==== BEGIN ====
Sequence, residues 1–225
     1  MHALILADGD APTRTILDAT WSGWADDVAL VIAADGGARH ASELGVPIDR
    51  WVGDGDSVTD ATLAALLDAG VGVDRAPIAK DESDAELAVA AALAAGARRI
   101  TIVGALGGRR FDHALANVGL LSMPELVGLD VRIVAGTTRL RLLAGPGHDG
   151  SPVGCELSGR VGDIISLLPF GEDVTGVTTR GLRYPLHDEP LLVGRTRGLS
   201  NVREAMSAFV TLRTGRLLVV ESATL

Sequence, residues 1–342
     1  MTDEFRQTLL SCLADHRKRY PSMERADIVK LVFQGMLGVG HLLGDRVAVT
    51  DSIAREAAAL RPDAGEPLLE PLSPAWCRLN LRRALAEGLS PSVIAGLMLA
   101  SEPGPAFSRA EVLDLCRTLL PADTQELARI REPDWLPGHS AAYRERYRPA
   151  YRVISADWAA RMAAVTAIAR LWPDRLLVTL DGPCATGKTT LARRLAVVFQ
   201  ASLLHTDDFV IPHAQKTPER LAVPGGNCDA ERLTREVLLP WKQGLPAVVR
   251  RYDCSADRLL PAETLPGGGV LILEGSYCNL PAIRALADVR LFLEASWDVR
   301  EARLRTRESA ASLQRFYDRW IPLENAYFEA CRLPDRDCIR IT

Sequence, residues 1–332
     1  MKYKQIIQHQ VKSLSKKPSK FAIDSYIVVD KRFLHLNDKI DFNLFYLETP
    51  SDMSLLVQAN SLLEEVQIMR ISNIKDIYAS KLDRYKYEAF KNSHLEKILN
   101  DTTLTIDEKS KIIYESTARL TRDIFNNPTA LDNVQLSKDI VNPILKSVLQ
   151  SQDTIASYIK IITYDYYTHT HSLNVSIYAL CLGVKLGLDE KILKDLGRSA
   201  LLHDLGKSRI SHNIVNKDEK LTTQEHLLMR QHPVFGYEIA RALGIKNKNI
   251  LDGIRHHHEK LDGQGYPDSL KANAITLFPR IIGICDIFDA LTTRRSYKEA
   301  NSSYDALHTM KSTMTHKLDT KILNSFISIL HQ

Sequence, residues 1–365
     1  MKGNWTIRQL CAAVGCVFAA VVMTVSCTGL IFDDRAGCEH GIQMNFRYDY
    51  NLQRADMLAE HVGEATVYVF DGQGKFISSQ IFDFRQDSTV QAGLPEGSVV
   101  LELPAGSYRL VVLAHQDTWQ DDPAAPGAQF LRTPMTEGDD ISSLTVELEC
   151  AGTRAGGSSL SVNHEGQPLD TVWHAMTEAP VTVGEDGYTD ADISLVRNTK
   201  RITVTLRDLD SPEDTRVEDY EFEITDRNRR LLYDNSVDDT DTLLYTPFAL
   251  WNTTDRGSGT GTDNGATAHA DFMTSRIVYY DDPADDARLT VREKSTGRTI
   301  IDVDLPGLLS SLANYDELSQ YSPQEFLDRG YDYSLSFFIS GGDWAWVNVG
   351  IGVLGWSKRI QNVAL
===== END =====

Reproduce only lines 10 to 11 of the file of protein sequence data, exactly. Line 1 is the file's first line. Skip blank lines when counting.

   101  SEPGPAFSRA EVLDLCRTLL PADTQELARI REPDWLPGHS AAYRERYRPA
   151  YRVISADWAA RMAAVTAIAR LWPDRLLVTL DGPCATGKTT LARRLAVVFQ